Meconium aspiration syndrome (MAS) is a serious medical condition where a baby inhales meconium (the baby’s first stool) and amniotic fluid deep into the lungs before or around the time of delivery. Meconium is normally stored in the baby’s intestines until after birth. Sometimes, however, the meconium is expelled while the baby is still in the uterus due to stress or being post-term.
Meconium aspiration can cause very serious problems, including:
- Airway blockage
- Inflamed airways
If a baby is at risk for MAS, hospital staff must conduct fetal monitoring during labor and delivery in order to prevent dangerous complications. When monitoring shows the baby is not receiving enough blood or oxygen, or if the baby’s heart rate is slow, doctors must act quickly to restore blood flow and oxygen supply to prevent hypoxic-ischemic encephalopathy (HIE). An emergency C-section is usually necessary in these cases and a team of pediatric specialists skilled at reviving newborns should be present.
Swift Resuscitation Often Necessary with Meconium Aspiration Syndrome
Even a five-minute oxygen deprivation episode can cause very serious damage to a newborn. It is critical that resuscitation occur immediately to ensure the health of the baby. If doctors suspect the baby has MAS, but has a good respiratory effort, heart rate, and muscle tone, resuscitation efforts are probably not needed. But if the baby is limp, not crying, or slow to begin breathing, the medical team should begin resuscitation immediately.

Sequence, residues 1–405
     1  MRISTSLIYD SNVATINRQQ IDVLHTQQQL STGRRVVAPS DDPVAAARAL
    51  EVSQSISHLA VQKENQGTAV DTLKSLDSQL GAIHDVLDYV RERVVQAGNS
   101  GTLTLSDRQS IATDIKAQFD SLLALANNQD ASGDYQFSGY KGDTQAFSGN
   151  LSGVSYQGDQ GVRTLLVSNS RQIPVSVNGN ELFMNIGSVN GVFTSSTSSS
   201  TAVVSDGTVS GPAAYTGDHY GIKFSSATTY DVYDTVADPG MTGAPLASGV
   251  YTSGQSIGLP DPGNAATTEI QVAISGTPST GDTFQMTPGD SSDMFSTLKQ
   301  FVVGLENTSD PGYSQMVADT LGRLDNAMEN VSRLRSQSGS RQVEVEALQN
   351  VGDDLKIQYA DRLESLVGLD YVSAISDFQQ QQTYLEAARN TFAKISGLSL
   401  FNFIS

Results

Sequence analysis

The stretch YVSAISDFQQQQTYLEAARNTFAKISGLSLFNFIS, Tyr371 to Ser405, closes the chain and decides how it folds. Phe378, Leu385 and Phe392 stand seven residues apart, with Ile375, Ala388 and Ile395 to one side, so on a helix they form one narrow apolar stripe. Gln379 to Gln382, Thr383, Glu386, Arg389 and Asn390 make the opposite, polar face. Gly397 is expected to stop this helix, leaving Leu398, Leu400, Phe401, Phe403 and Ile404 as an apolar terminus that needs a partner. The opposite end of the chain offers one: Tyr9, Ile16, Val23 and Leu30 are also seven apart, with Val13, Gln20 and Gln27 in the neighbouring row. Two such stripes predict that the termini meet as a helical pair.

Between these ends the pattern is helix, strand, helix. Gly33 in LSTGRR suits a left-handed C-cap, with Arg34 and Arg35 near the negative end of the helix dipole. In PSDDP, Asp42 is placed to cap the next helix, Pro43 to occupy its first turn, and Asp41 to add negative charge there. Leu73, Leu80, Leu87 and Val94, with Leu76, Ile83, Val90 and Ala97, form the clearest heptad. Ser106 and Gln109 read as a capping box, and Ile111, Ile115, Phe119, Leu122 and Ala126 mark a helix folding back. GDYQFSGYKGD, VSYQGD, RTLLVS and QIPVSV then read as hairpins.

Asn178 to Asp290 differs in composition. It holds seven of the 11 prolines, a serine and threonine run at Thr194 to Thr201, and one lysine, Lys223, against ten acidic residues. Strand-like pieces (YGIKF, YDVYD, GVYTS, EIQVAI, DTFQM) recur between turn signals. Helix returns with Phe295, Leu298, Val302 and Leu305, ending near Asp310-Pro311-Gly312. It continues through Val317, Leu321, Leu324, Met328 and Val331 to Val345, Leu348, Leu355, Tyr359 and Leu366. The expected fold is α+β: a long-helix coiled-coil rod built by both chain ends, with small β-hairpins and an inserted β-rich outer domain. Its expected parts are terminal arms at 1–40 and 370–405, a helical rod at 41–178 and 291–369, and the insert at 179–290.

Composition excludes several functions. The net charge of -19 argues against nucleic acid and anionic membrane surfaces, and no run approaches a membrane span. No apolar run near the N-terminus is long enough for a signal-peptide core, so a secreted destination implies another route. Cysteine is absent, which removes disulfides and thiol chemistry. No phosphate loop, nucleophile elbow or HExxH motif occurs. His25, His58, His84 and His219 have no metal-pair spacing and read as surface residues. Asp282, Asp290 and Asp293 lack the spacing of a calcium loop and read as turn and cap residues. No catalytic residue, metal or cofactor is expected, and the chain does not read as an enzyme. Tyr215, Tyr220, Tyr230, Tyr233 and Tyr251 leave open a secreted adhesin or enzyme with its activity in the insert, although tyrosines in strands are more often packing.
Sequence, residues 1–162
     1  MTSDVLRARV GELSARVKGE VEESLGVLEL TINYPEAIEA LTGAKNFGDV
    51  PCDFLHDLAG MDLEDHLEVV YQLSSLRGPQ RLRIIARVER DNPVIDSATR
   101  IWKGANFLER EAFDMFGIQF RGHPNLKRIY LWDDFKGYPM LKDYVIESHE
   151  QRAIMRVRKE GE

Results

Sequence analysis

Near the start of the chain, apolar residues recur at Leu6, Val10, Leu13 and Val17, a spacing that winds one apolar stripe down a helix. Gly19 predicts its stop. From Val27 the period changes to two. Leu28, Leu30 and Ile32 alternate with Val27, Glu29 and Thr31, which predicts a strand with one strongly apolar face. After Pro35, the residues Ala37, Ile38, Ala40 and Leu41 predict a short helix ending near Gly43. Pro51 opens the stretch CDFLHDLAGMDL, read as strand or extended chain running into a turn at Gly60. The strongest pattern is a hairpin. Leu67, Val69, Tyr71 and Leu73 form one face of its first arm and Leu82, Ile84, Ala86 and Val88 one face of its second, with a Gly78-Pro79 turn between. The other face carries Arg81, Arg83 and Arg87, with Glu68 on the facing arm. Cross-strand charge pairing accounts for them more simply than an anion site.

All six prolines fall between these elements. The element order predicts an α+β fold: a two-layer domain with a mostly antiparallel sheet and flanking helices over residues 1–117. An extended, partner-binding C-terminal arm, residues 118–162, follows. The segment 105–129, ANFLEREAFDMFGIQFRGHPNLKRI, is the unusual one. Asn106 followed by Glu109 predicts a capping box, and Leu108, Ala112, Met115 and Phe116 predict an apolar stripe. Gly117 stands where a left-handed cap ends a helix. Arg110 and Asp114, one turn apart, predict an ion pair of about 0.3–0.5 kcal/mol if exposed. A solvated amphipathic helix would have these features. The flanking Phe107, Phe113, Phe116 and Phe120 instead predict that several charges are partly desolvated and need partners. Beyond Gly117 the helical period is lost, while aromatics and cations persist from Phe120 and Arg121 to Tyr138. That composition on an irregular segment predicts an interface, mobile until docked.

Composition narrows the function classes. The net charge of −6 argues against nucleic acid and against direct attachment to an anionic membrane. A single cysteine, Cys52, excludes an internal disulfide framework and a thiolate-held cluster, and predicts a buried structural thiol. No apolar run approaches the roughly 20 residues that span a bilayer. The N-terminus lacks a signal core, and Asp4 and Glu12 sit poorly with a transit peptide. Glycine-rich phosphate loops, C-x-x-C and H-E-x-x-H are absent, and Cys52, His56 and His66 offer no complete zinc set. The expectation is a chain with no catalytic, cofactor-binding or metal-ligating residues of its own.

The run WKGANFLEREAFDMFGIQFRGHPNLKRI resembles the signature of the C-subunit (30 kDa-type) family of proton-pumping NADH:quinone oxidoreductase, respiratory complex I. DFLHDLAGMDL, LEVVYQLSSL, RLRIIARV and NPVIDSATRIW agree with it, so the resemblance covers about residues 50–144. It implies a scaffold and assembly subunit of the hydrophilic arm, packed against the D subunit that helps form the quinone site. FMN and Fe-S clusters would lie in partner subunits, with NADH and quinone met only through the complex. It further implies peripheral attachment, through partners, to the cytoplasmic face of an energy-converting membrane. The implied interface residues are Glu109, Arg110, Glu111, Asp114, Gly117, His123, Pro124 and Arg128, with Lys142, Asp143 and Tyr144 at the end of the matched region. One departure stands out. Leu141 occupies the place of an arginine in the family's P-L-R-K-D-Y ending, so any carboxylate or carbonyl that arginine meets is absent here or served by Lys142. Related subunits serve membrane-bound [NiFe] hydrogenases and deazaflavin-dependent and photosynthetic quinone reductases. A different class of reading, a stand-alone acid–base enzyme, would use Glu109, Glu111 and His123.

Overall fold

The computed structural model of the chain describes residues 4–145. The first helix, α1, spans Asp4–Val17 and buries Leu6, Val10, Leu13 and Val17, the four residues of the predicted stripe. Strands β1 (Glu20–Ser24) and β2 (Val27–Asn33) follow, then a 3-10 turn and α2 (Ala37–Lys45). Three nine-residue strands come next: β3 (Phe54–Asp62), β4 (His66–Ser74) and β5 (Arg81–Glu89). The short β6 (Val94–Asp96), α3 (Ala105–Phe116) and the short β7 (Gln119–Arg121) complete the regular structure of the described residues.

Some or all of the following are required to resuscitate a non-vigorous/depressed baby:
- Airway Clearance / Suctioning: This is the process of putting a tube or suction catheter into the baby’s trachea and applying suction pressure to draw out the meconium and mucus that are in the upper airway, preventing it from being inhaled deeper into the lungs.
- Positive Pressure Ventilation (PPV) with a bag: When a baby’s heart rate, blood pressure, or oxygen level drops or if carbon dioxide rises and the baby needs help breathing, he should be either be intubated or given a mask. PPV with a bag is a procedure in which a member of the medical team attaches a device, called a bag, to the baby’s ET tube or mask and breathes for the baby by squeezing the bag, which forces air or oxygen into the baby’s lungs. This is the method of breathing for a baby during an emergency situation, such as during CPR or while waiting to place the baby on a breathing machine (ventilator).
- Intubation: This is the placement of a flexible tube (endotracheal, or ET tube) into the trachea (windpipe) to maintain an open airway. The tube can be placed through the nose and into the trachea, or, more commonly, through the mouth and into the trachea. Intubation generally occurs if the baby’s heart rate is still slow after PPV with a mask, there is not much rise in the chest with each inflation of the bag, and/or the baby’s oxygen level does not improve, or if there are a lot of secretions in the airway that require frequent suctioning. Almost all non-vigorous babies that have aspirated meconium are intubated.
- Oxygen: The medical team will use oxygen to ensure that the baby gets enough oxygen in the blood, but not so much that it causes damage. In fact, initial resuscitation efforts should be done using regular air, and oxygen should be added only if the baby’s oxygen saturation falls below the target range.